When Jim Crews became head coach at West Point in 2002, he first met George Bush, for whom he was the spokesperson. The crews introduced themselves by mentioning that he had just arrived from Evansville, Indiana. Bush turned to the first lady and said..: Hey, Laura, this guy coached a team that was wearing sleeves.
Scott Schreffler remembers this story when he played for teams in Evansville from 1988 to 1993. Evansville was the first to introduce a sleeveless sweater in 1947 under the legendary head coach Arad McCutchan, who offered his team to wear sleeves on arrival.
I think that’s what most players wear in training and that’s why they feel most comfortable there, he said. It’s also more flattering for a skinny baseball player.
Evansville wore it until his retirement in 1977.
When Crews was hired in 1986, he did it in memory of the man they called Mac, and the team carried it on until the end of Crews’ employment in 2002. The sleeves gave national recognition to the program and the city.
In Evansville, sleeves are more than just an extra fabric on a knit. The Aces were a small varsity basketball team that won five national championships under McCutchan between 1959 and 1971.
In their time, the Aces were not only known for their sleeve uniforms – white and purple at home, orange on the way – they also wore colourful dresses on the sofa instead of trousers to keep warm, and then wore red McCutchan socks. Fans also wore red because of McCutchan.
Larry Hewes, one of the best players in the history of the programs – along with Jerry Sloan, who played from 1963 to 1965 – said as we moved forward, he crossed his legs and pulled up his pants to show off his red socks.
The undefeated national champion of 1965, the Aces, was one of the best student basketball teams of the time, at all levels, and Humes made no secret of it. We could have defeated anyone in the country that year, he says. We played Iowa, Northwest, Notre Dame, Purdue, LSU, South Illinois with Walt Fraser, Kentucky Wesleyan, North Dakota with Phil Jackson before we played our usual conference games.
Aces basketball games were major social events in Evansville, which is considered by many to be the largest small town in America. Everywhere there are different life experiences, but wherever you come from, Roberts Stadium was a common thread. The aces were among the country’s top ten in terms of participation in the divisions at the peak of their development. We’ve given them something to look at, says Humes. Robert’s Stadium was an incredible place at the time.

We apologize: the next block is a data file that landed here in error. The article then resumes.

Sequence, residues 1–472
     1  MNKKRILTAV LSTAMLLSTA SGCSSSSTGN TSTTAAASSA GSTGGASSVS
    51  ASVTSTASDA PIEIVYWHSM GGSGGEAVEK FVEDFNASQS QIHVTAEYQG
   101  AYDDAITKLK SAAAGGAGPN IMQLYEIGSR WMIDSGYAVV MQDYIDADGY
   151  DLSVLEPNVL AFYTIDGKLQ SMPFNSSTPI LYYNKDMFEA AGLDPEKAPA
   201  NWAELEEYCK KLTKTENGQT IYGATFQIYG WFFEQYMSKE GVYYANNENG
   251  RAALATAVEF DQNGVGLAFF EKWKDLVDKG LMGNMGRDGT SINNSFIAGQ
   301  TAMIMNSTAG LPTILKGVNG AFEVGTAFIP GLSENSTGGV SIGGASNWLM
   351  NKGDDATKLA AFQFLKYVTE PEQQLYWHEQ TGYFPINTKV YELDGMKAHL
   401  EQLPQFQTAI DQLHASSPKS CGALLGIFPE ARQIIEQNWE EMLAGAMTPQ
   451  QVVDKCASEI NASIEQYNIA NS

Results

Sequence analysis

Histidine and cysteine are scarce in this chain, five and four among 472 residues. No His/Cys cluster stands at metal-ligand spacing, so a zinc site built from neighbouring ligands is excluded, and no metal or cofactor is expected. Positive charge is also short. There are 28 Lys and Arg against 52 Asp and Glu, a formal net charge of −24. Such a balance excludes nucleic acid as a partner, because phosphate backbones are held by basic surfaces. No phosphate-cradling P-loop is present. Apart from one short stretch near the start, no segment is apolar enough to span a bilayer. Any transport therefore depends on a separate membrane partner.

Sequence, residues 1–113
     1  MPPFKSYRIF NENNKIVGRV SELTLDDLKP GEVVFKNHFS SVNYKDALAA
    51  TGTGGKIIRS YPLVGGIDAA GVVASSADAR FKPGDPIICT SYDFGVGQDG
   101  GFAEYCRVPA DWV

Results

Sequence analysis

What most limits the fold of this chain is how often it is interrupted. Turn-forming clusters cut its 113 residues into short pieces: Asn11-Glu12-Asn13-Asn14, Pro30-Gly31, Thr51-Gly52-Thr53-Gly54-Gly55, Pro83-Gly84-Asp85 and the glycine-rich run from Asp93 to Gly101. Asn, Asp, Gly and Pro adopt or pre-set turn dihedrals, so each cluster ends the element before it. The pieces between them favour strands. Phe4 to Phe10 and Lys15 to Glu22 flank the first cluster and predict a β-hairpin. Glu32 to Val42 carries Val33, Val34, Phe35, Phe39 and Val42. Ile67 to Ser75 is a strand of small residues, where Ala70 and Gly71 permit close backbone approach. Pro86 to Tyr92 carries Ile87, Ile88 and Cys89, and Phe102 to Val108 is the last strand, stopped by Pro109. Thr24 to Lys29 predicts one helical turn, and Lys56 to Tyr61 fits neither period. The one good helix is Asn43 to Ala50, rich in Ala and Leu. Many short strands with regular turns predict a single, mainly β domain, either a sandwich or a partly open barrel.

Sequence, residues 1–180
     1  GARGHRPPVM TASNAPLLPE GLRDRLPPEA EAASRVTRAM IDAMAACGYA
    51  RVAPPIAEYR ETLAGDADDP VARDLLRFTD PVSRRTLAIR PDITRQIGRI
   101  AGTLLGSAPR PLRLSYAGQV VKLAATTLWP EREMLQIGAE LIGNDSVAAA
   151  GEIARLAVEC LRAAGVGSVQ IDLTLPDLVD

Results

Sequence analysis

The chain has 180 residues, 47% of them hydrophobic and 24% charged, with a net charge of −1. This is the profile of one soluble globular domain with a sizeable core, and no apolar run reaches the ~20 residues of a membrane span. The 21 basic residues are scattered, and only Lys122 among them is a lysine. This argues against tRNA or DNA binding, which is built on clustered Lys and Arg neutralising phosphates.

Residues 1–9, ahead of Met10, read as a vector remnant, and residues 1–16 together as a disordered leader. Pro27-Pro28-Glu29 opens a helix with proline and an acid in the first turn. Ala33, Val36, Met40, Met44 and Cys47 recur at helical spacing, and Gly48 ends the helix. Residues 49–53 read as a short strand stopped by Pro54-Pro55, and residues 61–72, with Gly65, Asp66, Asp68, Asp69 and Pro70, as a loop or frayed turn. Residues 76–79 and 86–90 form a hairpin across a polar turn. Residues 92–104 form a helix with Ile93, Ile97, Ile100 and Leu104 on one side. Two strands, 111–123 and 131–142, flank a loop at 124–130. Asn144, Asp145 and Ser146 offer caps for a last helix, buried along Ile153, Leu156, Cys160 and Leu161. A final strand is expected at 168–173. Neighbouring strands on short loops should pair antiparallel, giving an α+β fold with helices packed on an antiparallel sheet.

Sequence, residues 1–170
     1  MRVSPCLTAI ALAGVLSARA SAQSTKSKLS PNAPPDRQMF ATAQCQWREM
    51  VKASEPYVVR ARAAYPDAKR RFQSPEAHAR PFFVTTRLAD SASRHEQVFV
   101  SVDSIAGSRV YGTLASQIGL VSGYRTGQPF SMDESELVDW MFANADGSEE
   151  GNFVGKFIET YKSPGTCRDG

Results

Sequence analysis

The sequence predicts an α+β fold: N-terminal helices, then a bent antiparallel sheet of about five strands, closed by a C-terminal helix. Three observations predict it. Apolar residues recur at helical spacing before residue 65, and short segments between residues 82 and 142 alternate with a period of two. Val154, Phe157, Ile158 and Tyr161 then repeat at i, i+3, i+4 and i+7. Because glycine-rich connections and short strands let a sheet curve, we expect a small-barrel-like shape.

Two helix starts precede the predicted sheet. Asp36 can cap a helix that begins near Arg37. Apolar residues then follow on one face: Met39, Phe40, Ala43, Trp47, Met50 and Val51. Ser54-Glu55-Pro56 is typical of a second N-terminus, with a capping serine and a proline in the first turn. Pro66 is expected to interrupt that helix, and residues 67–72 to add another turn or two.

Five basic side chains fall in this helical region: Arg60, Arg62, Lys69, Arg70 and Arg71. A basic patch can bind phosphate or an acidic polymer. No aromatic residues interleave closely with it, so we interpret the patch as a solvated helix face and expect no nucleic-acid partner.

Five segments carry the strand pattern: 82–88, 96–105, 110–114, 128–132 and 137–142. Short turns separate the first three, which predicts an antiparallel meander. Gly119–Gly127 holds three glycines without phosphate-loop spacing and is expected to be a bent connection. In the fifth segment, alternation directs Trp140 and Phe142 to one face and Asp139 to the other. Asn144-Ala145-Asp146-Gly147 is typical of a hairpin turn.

The sleeves symbolize better times – times that the people of Evansville have been trying to reclaim for decades. And although Evansville did not do so after McCutchan’s resignation and the devastating plane crash of 1977, there is still great pride in what has been achieved.
Schreffler returned to the EU in 1997 after working as a crew administrative assistant. One day teams arrived at the Carson Center on the EU campus and told Schreffler that I wanted you to do something about it. Schreffler asked him what he meant. The crews told him we have to respect them somehow. Write a poem, do something. Think of something and let me know.
Schreffler says I’m some kind of poem? That’s him: Yeah, a poem. Maybe it’s a poem.
It took Schreffler two weeks to write a poem. I wanted to try to draw attention to its uniqueness and what it means, why Arad McCutchan brought it here, the championships they held and the traditions of the University of Evansville, he said.
Schreffler made it up:
It’s an honor to wear sleeves. A tribute to a few chosen ones.
The sleeves are synonymous with mastery, attitude and desire. A tradition that raises the bar.
The respect they deserve is quite unique. The pursuit of excellence is the goal of all programmes.
Hard work, determination, success and pride are the hallmarks of sleeves known throughout the country.
Fault! The file name is not specified. Scott Haffner hung one of the most memorable games in the history of Evansville student basketball.
I took him to his office and stuff: Here, look at this, coach, Schreffler said. He read it, and I expected him to say it: No, do it, or go in a different direction or something. But he said: It’s perfect. I like it.
That’s what I am: Well, I guess I’m a poet now.